Some scouting reports mention his pro season maturing his game, and in that phrase is a clue to his earlier lower ranking. But with nearly identical Liiga scoring stats, World Junior performances and glowing scouting reports, who is better than whom?
They are easier to tell apart than the Sedins:
You don't need to see the subtle differences in hairlines to tell the Sedins apart on the ice as they aren't both wingers like these two Finns are. With no such obvious distinction, we need to find some way to describe their differences.
One scout offered an interesting comparison, using Teemu Selanne and Jari Kurri. The scout wasn’t comparing Laine to Selanne or Puljujarvi to Kurri, but was he was [sic] comparing the difference between this year’s generational Finns to the difference between yesteryear’s Finnish superstars.
"Laine is flashier; Puljujarvi is more complete," the scout said. "They’re both great players; they’re both going to get their goals, though they may go about it a little differently."
The Flashy Guy and the Complete Player. Finally, they each have their own distinct identities. And as we pass around these descriptions, choose what to repeat to each other, we are creating a distinction, but we are at risk of stretching the axis of the description to give the distinction more import than it may warrant. Is there really a difference there?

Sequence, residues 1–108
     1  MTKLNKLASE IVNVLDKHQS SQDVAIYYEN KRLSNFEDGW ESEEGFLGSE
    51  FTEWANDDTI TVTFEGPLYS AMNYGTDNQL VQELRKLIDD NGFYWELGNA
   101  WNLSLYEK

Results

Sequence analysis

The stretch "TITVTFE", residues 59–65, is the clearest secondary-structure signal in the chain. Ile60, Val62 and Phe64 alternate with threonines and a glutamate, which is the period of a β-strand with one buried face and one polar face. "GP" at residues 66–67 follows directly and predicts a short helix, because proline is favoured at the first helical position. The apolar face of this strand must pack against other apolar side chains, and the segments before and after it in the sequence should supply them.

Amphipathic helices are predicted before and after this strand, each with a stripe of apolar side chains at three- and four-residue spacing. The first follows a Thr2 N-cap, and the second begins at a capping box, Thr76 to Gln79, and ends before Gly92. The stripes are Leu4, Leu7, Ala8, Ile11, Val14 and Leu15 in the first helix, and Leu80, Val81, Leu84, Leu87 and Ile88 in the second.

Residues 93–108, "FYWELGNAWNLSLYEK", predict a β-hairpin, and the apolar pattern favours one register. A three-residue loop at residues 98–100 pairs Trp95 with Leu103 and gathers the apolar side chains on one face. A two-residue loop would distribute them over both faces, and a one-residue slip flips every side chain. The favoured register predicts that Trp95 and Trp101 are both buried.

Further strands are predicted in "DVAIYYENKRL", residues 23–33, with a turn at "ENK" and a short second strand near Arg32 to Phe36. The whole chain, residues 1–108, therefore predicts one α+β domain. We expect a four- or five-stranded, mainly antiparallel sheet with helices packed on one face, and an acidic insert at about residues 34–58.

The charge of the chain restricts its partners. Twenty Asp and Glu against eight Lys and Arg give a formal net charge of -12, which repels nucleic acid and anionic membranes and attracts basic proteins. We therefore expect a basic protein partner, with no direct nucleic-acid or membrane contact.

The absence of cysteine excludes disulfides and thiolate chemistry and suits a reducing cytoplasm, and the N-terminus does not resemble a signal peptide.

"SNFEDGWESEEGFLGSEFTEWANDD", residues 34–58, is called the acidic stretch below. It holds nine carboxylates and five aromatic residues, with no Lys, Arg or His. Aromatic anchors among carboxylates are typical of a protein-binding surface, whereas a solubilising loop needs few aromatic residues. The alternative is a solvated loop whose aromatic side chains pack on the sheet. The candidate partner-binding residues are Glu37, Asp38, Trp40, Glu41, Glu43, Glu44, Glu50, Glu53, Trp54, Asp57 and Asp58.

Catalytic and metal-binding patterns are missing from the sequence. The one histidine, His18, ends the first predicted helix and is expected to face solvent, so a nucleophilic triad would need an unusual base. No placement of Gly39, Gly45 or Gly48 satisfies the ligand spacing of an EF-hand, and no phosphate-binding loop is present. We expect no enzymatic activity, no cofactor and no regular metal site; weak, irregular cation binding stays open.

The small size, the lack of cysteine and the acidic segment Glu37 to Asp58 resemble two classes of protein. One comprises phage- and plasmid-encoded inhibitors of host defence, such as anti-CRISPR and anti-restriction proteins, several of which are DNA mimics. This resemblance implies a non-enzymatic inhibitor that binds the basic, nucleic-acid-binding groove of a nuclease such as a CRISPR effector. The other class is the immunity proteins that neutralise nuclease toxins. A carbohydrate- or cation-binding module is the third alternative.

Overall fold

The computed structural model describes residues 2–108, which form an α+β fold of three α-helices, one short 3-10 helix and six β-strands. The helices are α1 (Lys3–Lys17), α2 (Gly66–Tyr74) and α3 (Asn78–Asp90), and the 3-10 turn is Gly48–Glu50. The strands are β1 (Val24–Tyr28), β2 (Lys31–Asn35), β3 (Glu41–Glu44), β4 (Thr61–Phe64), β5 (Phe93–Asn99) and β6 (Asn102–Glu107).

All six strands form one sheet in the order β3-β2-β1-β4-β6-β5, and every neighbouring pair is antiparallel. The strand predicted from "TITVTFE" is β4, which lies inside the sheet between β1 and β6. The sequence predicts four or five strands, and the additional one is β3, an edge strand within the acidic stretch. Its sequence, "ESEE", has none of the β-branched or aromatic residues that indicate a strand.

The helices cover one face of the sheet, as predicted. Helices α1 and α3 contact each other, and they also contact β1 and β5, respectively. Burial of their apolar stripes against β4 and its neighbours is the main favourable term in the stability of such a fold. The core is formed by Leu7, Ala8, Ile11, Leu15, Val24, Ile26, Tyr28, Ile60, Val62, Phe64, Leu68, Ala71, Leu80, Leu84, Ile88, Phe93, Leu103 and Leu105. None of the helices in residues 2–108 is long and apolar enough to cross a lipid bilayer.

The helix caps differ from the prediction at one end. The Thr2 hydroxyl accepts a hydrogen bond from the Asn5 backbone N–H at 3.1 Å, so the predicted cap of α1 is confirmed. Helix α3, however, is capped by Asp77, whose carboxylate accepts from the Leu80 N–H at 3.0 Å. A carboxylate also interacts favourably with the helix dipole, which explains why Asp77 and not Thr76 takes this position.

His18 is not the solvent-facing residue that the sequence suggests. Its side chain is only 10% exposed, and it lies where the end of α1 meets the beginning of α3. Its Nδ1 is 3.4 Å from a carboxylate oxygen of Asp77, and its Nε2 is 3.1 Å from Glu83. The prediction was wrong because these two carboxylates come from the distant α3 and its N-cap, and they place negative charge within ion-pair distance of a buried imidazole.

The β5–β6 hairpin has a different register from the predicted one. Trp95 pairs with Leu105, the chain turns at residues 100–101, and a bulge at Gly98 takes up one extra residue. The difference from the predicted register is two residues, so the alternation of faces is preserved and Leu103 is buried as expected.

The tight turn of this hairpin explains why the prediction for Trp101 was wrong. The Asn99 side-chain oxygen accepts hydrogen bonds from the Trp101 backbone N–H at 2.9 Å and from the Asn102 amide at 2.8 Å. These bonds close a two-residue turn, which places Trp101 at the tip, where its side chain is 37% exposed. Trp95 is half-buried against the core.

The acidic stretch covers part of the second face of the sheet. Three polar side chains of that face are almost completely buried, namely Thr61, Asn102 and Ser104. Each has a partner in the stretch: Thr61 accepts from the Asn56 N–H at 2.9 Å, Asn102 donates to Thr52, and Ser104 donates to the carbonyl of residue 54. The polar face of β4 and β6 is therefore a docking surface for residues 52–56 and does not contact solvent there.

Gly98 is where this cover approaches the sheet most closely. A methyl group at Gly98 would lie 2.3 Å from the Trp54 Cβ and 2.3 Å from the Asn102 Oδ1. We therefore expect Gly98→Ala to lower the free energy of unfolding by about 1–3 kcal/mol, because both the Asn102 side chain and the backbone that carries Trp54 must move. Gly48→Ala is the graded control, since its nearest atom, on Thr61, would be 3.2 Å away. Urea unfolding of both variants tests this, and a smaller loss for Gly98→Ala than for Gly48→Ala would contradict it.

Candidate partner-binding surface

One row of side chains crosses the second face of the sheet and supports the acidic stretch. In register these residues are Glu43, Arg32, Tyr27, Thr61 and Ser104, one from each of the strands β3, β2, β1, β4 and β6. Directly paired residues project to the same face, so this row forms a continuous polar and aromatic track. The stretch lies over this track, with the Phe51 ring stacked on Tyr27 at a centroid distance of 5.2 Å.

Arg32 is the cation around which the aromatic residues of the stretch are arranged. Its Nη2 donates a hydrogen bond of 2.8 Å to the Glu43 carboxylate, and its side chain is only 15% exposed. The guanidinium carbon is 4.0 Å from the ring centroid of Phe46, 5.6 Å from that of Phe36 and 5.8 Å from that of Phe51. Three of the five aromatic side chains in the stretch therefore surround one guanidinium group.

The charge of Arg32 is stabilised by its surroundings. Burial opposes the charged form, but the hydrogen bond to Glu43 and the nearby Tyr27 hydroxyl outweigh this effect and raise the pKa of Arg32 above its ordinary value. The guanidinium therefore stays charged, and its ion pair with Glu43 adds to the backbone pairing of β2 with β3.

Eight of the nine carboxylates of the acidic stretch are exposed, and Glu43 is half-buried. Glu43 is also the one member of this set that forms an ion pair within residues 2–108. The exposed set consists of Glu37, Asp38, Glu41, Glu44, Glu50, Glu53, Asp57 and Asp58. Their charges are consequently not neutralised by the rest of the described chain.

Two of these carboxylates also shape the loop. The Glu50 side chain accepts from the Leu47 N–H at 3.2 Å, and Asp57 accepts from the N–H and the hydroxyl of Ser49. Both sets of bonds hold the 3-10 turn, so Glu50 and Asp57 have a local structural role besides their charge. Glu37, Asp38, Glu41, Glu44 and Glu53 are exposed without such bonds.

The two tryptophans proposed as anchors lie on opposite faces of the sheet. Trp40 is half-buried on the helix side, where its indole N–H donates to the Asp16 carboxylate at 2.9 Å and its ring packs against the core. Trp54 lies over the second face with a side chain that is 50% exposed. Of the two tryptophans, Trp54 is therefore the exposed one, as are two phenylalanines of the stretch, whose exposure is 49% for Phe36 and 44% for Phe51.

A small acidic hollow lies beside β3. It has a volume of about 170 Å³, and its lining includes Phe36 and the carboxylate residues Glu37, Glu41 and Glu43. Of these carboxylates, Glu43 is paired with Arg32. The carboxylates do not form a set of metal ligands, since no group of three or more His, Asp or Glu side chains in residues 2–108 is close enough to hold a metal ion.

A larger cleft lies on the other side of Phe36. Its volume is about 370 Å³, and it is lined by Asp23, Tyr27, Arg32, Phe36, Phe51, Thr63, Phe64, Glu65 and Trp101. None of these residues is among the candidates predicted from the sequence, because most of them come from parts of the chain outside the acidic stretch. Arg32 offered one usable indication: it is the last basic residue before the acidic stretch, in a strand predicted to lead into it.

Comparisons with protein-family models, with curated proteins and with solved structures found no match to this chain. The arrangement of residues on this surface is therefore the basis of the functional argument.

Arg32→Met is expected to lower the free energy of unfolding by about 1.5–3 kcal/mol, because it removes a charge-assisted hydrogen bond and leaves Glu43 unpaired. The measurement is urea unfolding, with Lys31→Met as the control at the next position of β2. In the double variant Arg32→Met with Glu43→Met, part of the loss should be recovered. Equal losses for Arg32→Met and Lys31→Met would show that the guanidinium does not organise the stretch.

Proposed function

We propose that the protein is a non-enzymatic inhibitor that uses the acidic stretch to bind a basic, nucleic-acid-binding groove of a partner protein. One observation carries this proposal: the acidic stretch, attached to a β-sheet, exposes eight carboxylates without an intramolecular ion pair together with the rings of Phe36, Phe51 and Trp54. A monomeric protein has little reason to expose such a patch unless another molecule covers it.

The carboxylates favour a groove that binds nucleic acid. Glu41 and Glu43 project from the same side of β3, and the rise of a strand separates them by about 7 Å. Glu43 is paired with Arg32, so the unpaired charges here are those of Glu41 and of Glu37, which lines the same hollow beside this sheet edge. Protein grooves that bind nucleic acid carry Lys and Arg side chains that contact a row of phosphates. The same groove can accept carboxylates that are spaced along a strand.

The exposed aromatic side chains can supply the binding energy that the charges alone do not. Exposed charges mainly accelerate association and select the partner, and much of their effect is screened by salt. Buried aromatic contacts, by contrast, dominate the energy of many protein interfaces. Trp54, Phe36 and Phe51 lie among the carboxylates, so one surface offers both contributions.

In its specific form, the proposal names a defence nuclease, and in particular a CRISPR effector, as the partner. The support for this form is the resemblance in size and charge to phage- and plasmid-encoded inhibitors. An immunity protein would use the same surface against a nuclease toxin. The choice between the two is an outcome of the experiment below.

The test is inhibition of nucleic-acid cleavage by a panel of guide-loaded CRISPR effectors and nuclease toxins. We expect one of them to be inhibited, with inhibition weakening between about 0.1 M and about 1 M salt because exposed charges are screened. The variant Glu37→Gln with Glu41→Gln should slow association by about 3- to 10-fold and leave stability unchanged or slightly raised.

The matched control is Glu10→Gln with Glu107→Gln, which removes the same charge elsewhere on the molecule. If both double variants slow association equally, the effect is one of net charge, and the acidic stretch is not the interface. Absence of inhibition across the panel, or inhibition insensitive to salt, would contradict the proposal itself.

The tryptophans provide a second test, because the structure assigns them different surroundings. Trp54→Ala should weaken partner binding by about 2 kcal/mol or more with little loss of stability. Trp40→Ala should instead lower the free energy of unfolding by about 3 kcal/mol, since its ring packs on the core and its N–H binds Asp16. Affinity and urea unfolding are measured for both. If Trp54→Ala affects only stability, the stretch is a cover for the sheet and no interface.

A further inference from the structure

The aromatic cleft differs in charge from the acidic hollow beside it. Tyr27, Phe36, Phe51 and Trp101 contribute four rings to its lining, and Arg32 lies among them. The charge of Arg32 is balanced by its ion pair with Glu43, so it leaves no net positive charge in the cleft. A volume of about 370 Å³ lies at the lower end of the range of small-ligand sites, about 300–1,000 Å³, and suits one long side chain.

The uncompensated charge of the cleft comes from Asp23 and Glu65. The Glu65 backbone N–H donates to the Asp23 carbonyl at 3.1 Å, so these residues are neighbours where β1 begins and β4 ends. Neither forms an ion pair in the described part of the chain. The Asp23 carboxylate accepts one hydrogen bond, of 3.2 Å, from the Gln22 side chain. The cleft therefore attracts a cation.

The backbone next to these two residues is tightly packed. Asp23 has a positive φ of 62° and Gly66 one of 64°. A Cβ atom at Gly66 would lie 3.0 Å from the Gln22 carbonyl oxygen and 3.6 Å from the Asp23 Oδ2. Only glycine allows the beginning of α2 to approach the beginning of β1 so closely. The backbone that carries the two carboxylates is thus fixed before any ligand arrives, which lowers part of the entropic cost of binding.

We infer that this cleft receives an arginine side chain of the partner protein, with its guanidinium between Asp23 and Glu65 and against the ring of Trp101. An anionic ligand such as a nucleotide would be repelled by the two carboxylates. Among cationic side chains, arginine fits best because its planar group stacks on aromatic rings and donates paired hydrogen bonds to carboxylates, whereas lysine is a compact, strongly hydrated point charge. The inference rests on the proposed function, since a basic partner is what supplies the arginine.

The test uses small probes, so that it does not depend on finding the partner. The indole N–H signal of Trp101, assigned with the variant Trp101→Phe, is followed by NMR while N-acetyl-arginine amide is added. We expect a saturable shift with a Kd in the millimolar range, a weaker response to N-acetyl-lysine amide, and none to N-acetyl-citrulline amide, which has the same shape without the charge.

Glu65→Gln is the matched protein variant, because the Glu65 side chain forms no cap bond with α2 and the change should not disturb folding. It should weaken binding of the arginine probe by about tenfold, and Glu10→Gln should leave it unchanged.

An objective look at their play on the ice is needed.
No one has done a better job of that that Canucks Army's Jeremy Davis, who corralled all the stats the Liiga had to offer and created some solid analysis of Mr. Flash and Mr. Complete. His graphs are all legit, no funny business.
But Davis struggles a little to find distinctions that are genuine differences even while he points out whose numbers appear to be better. The rate metrics for points show numbers so close that if you extrapolate them out over an imaginary season of even NHL length, you get real differences of goals or assists that you can count on one hand. One finger for the assists.